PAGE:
Ultrasound/vision help handicapped

People with severe or crippling disabilities often find it difficult to steer motorized wheelchairs in confined environments.

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People with severe or crippling disabilities often find it difficult to steer motorized wheelchairs in confined environments. In a house with limited maneuvering space, someone with diminished visual skills or unsteady hand coordination can face challenges. Such actions as approaching furniture without collisions or crossing the threshold of a doorway require a certain level of hand-eye coordination that handicapped individuals may not have. For some of these patients, learning how to use a motorized wheelchair can take months or years.

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Prototype wheelchair, developed by researchers at the University of Notre Dame, uses both ultrasound and video to learn preprogrammed motion. Once programmed, the user can be trained to operate the wheelchair using voice commands.
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To help such individuals, Steve B. Skaar and Guillermo Del Castillo at the Dexterity, Vision and Control group at the aerospace and mechanical engineering department of the University of Notre Dame (Notre Dame, IN, USA; www.nd.edu) and Linda Fehr at the Rehabilitation Research & Development and Spinal Cord Injury Service at the Hines Veterans Administration Hospital (Hines, IL, USA; www.research.hines. med.va.gov/) have borrowed a page from industrial robotics by developing a trainable voice-activated wheelchair. Trained by teaching the system paths that connect wheelchair positions and orientations, data collected from ultrasound and visual sensors are used to develop trajectories that the disabled rider can activate on command. According to Del Castillo, use of wall-mounted visual reference cues during both teaching and tracking events eliminate the need for globally accurate mapping.

The disabled rider activates the taught trajectories by selecting the desired destination from an audio menu using only a binary switch, such as a chin switch, compatible with the user's abilities. This switch is connected through the parallel printer port of an onboard computer, which then pieces together taught segments to connect the chair's current location to the selected destination. "The rider can also use the same switch to halt the chair, resume travel, or reverse course at any point midmaneuver," says Del Castillo.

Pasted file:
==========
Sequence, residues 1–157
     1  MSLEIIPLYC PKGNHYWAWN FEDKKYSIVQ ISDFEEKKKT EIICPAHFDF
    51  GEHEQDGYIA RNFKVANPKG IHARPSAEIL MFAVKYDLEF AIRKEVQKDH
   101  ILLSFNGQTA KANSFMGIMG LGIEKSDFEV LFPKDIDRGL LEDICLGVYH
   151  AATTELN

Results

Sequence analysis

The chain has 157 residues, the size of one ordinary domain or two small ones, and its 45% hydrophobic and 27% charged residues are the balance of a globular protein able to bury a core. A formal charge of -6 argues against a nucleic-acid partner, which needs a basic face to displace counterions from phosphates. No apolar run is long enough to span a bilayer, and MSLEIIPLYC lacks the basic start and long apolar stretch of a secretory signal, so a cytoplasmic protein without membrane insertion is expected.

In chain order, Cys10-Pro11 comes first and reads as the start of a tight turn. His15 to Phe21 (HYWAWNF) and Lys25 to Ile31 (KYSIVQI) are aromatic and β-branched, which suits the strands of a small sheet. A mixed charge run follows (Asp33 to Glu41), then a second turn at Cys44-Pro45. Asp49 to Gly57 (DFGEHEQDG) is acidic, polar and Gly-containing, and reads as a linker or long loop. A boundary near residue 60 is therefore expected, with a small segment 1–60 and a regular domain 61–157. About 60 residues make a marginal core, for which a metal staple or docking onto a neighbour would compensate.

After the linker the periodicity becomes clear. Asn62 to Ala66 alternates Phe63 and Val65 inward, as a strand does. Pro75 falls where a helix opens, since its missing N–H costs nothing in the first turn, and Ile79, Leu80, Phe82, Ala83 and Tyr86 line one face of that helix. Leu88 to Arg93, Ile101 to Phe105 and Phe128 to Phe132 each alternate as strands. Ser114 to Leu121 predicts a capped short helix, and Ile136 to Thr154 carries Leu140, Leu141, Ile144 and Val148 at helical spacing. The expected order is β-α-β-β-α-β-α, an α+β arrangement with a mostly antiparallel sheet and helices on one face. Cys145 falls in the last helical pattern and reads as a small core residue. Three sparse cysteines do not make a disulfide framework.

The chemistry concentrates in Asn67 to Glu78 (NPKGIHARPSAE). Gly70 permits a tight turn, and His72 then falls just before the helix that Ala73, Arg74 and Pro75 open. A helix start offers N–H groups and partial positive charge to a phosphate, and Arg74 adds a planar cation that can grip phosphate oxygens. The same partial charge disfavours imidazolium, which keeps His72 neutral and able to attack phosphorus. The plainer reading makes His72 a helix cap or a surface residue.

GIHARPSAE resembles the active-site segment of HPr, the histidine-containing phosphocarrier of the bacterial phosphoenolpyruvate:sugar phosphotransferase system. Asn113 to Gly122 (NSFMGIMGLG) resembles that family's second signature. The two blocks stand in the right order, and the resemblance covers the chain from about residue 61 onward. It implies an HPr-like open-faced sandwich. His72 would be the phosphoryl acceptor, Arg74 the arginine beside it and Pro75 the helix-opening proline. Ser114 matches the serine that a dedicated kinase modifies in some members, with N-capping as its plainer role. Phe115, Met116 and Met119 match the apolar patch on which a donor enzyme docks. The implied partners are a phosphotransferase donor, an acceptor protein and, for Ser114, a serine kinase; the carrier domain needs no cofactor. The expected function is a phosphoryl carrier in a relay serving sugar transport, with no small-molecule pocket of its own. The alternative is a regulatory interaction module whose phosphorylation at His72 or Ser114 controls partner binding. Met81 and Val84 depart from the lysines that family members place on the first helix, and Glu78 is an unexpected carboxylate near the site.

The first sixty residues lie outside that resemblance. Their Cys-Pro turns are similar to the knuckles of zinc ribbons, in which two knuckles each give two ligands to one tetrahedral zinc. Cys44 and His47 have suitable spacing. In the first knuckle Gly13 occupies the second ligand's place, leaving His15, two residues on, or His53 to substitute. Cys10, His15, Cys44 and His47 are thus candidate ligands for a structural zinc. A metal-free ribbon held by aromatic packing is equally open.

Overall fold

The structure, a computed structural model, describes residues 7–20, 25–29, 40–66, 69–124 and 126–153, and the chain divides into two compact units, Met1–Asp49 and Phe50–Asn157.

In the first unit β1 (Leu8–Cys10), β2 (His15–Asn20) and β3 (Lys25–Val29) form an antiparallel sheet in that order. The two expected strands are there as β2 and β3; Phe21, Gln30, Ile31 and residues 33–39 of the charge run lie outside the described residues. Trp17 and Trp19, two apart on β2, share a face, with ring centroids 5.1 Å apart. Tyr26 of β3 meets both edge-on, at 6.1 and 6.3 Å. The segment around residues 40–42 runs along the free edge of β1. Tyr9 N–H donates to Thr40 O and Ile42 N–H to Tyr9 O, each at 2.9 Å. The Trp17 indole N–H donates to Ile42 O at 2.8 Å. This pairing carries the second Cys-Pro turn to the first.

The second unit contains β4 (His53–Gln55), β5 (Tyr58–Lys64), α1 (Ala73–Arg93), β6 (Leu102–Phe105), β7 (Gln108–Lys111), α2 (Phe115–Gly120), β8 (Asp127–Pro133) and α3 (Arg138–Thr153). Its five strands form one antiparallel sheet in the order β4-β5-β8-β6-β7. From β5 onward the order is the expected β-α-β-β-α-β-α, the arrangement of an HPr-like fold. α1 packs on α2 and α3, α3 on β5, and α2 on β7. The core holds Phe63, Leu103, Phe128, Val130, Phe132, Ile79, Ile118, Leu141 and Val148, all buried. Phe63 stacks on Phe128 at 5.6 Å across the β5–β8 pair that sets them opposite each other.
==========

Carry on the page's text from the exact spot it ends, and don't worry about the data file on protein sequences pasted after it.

To measure wheel rotation of the Sabre power wheelchair, the vehicle has two rotary incremental encoders, connected to a four quadrature encoder input board. This is installed in an Optiplex GX240 desktop from Dell (Austin, TX, USA; www.dell.com) running Windows XP Pro. To digitize reference images, two CV-M50 cameras from Costar Video Systems (Carrollton, TX, USA; www.costarvideo. com) are mounted below the seat of the vehicle and connected to a Data Translation (Marlboro, MA, USA; www.datx.com) DT3162 frame-grabber board. This board can capture 640 × 480-pixel monochrome images of the video input and make them available to the host PC.

These cameras detect a series of landmarks or cues that are fixed to the wall in known locations to infer the vehicle's position and orientation. Two kinds of cues are used, a white cue consisting of a black ring over a white background and a black cue made up of a white ring over a black background. When a cue is detected, an observation equation incorporates the visual information to correct for estimates of the position of the system.

Having an estimate of the vehicle's position on the floor, the system can obtain an observation from the location of the cues in the image. This observation is then used to correct the position of the vehicle. "Without observations, the system is simply dead-reckoning, and its estimate of the position, along with its ability to track a path, deteriorates quickly," says Del Castillo.

To perform obstacle detection, eight 40-kHz ultrasound sensors are connected to a module that measures the time elapsed between the sound emission and the detected echo of each device and connects to the serial port of the PC. "This range sensing was only used for obstacle detection and not as the main means of navigation," points out Del Castillo. In its current implementation, the system uses these ultrasound sensors to distinguish whether an object not present in the teaching stage has been introduced into the environment. Should such a disturbance be detected, the wheelchair is programmed to halt.

Algorithm development for the system was performed in C++ using Microsoft Developer Studio 6.0, the Standard Template Library, and Microsoft Foundation Classes. Voice recognition and interaction is performed with DragonDictate from ScanSoft (Peabody, MA, USA; www.dragonsys.co). This program is interfaced with Visual C++ using the DragonXTools speech-recognition development tools. ..

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